This document defines Class B Safety Software Library intended for PIC MCUs and dsPIC DSCs. The Software Library routines identify the occurrence of Faults in a single channel CPU. These routines have been developed by complying with IEC 60730 standard that supports the Class B certification process. These routines can be incorporated immediately with the end user’s application to test and verify the critical functionalities of a controller without affecting the end user’s application.
This application note also describes the Application Programming Interface (API) functions that are available in the Class B Safety Software Library.
The Class B safety software routines can be called periodically at start-up or run time to test the following components:
- CPU Registers
- CPU Program Counter
- Invariable Memory
- Variable Memory
- Interrupt Handling and Execution
This application note also outlines various techniques, which are not part of the Class B Safety Software Library, to test components such as external communication, timing, I/O periphery, analog I/O and analog multiplexer.
Overview of the IEC 60730 Standard
The IEC 60730 standard defines the test and diagnostic methods that ensure the safe operation of the controlled equipment used in household appliances. Annex H of the IEC 60730 standard classifies the software into the following categories.
- Class A
- Class B
- Class C
The Class B Safety Software Library implements the important test and diagnostic methods that fall into the Class B category. These methods use various measures to detect and respond to the software-related Faults and errors.
According to the IEC 60730 standard, the controls with functions that fall into the Class B category should have one of the following structures:
- Single Channel with Functional Test - In this structure, the Functional test is executed prior to the application firmware execution.
- Single Channel with Periodic Self-Test - In this structure, the Periodic tests are embedded within the firmware, and the self-test occurs periodically while the firmware is in Execution mode.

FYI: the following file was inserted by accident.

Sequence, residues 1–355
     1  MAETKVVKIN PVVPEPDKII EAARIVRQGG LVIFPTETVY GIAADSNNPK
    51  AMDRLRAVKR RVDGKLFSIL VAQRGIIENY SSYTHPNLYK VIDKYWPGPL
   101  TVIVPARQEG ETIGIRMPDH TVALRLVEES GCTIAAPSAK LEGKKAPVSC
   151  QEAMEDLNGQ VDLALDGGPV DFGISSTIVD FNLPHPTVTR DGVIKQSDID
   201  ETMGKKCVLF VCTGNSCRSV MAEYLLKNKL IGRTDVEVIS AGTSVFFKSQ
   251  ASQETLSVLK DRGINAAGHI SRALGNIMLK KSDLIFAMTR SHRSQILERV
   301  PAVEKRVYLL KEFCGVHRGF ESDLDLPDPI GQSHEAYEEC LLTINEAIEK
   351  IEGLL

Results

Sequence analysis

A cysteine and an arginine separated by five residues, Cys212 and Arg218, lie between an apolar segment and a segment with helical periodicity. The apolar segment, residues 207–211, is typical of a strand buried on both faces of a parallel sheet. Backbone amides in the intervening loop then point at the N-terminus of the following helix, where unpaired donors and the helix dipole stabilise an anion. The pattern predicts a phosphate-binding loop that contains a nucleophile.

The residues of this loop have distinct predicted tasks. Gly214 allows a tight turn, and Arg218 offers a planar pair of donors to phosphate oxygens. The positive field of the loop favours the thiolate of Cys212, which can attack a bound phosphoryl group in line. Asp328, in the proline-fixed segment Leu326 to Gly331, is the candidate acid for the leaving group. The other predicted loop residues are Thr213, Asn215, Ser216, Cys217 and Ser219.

- Dual Channel without Comparison- In this structure, two independent methods execute the specified operations.
The following system requirements are recommended to run the Class B Safety Software Library:* For the tests that require the independent time slot monitoring, the system hardware must be provided with at least two independent clock sources (e.g., crystal oscillator and line frequency).
The user application determines whether the interrupts need to be enabled or disabled during the execution of the Class B Safety Software Library.
If an interrupt occurs during the execution of the Class B Safety Software Library routine, an unexpected change may occur in any of the registers. Therefore, when the Interrupt Service Routine (ISR) executes, the contents of the register will not match the expected content, and the ISR will return an incorrect result.
Class B Safety Software Library
The Class B Safety Software Library, which applies to 8- bit, 16-bit, and 32-bit devices, includes several APIs, which are intended to maximize application reliability through Fault detection. These APIs help meet the IEC 60730 standard compliance. The following tests can be implemented using this library:
- CPU Register Test
- Program Counter Test
- Variable Memory Test
- Invariable Memory (Flash/EEPROM) Test
- Interrupt Test
- Clock Test
In the following sections, the test description and the implementation details are discussed for each test. In addition, each section also lists the APIs that are required to execute the corresponding test for supported architectures.
Invariable Memory (Flash/EEPROM) Test
The Invariable Memory (Flash/EEPROM) test implements the periodic modified checksum H.126.96.36.199 defined by the IEC 60730 standard. It detects the single bit Faults in the invariable memory. The invariable memory in a system, such as Flash and EEPROM memory, contains data that is not intended to vary during the program execution. The Flash/EEPROM Invariable Memory test computes the periodic checksum using the Cyclic Redundancy Check (CRC). Several standards are used today for the CRC calculation. The characteristics of the CRC divisor vary from 8 to 32 bits depending on the polynomial that is used. The width of a divisor determines its ability to detect the errors. Some commonly used CRC divisors are as follows:
- CRC-16 = 1 1000 0000 0000 0101 = 8005 (hex)
- CRC-CCITT = 1 0001 0000 0010 0001 = 1021 (hex)
- CRC-32 = 1 0000 0100 1100 0001 0001 1101 1011 0111 = 04C11DB7 (hex)
Figure 1 illustrates the flowchart for the Invariable Memory test.
The CRC16 calculation function returns the final CRC value that can be used to perform the following:
- At the system start-up, the computed CRC checksum can be used as a reference checksum if the CRC_Flag is set to 0x00.
- The reference checksum is stored in the Flash or EEPROM memory and the CRC flag is set to 0xFF.
- The CRC16 calculation function can be called periodically if the CRC flag is set to 0xFF.
- The checksum calculated from step 3 is compared with the reference checksum.
- If both values match, a status bit can be set by the user application to indicate that the invariable memory has passed the test and no errors were found.